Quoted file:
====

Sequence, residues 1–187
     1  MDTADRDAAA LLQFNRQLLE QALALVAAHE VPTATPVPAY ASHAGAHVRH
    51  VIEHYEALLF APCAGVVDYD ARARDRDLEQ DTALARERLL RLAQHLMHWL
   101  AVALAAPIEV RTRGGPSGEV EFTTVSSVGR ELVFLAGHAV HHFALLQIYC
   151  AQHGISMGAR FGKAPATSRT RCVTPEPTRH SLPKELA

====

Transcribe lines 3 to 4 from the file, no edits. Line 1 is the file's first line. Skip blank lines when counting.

    51  VIEHYEALLF APCAGVVDYD ARARDRDLEQ DTALARERLL RLAQHLMHWL
   101  AVALAAPIEV RTRGGPSGEV EFTTVSSVGR ELVFLAGHAV HHFALLQIYC